Often, when they’re at Fredericton International Airport awaiting the arrival of new Filipino immigrants to our city, Gina and Roland Moreno share memories of when they first arrived here from Winnipeg in 1996. Although they found the slower pace of a smaller city better for raising a family, amenities and resources for immigrants were not as available as they are today. So, the couple, who originally emigrated to Winnipeg from Manila, decided to change that.
Today, the Filipino-Canadian CommUNITY of New Brunswick (FCNB), the organization they founded, assists new immigrants as well as the more than 2,000 Filipinos living in our province.
Gina, FCNB’s president, says their vision is to create a healthy Filipino immigrant community that is both self-sufficient and fully integrated within Canadian society.
In my new role as Parliamentary Secretary to the Minister of Immigration, Refugees, and Citizenship, I look forward to working with my old friends Gina and Roland, as well as the many other contributing members of the immigrant community.
I will continue to listen to local organizations such as the Multicultural Association of Fredericton, the Multicultural Council of New Brunswick and representatives of the Business Immigrant Mentorship Program; the Local Immigration Partnership, and those guiding the Atlantic Immigration Pilot Project, an initiative of our government’s Atlantic Growth Strategy.
In my role as MP, including as parliamentary secretary to the foreign affairs minister and chair of the Atlantic Growth Strategy subcommittee on innovation, I have gained an in-depth understanding of Atlantic Canada’s economy and what it needs to flourish. That need, in a word, is immigration.
Without a doubt, our region’s economic success depends on our ability to attract and retain skilled workers and their families. The diversity of newcomers enriches not only the cultural fabric of our country but also its economy, and consequently, the lives of every Canadian. Immigration does not take away jobs. It expands our economy by creating new opportunities for all of us.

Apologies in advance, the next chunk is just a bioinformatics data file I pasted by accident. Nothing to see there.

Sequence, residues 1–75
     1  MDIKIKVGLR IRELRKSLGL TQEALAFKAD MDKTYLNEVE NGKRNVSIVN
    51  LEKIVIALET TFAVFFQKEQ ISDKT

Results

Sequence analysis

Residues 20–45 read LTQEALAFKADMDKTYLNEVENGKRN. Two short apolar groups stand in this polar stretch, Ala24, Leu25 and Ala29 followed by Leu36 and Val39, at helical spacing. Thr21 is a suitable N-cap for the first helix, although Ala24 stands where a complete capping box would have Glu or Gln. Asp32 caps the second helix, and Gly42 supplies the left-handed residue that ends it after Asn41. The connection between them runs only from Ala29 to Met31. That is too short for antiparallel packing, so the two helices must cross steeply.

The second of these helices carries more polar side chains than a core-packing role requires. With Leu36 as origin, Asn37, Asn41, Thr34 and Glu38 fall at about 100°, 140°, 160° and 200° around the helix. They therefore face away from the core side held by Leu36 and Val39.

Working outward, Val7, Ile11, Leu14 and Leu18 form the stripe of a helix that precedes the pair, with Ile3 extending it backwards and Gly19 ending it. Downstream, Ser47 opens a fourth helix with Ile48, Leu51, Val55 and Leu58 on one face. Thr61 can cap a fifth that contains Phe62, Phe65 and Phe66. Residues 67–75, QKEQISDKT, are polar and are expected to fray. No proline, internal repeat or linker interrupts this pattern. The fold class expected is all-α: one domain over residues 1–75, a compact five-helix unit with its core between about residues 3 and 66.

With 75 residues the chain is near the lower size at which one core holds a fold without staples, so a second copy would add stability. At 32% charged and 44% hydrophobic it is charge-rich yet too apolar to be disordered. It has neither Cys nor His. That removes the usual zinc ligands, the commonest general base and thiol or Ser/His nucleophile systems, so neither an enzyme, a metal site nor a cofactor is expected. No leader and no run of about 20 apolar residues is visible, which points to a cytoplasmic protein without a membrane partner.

But we know this in New Brunswick because we are a province of immigrants. And it is the collective effort of all of us whose families came here over the last three hundred years to start a new life that makes our province unique.
Where would we be without our Acadian heritage and the return of a People who were scattered like seeds to the wind in 1755? Where would we be without the Irish, who came here to escape the Great Potato Famine of the 1840s? And where would we be without the large numbers of people who emigrated from Europe and the Middle East to Minto, during the coal boom in the early 1900s?.
Our provincial motto says it all: Spem Reduxit/Hope Restored, particularly in the context of our most recent wave of immigration, the refugees from Syria who escaped the bombs and bullets of Bashar al-Assad’s tyrannical dictatorship. As New Brunswickers, we can all be proud that our province accepted with open arms and open hearts more refugees per capita than any other jurisdiction in Canada. Our minds have been opened by the experience of history.
And our history starts with our First Nations Peoples, with whom I look forward to working with as we strive to make our city, our province and our region more culturally and economically diverse. St. Mary’s First Nation, considered one of the country’s best run and financially successful First Nations, reflects the positive steps forward our government is making to improve the economy.
But the government can only do so much. Our success in building a robust, vibrant and diverse economy that supports the middle class and provides good-paying jobs for all, ultimately depends on each of us. Like Gina and Roland Moreno, who many years ago chose to not only come to Canada and start a new life but also to help other Filipinos do the same, we must continue to welcome newcomers with open arms and open hearts. It’s who we are as Canadians.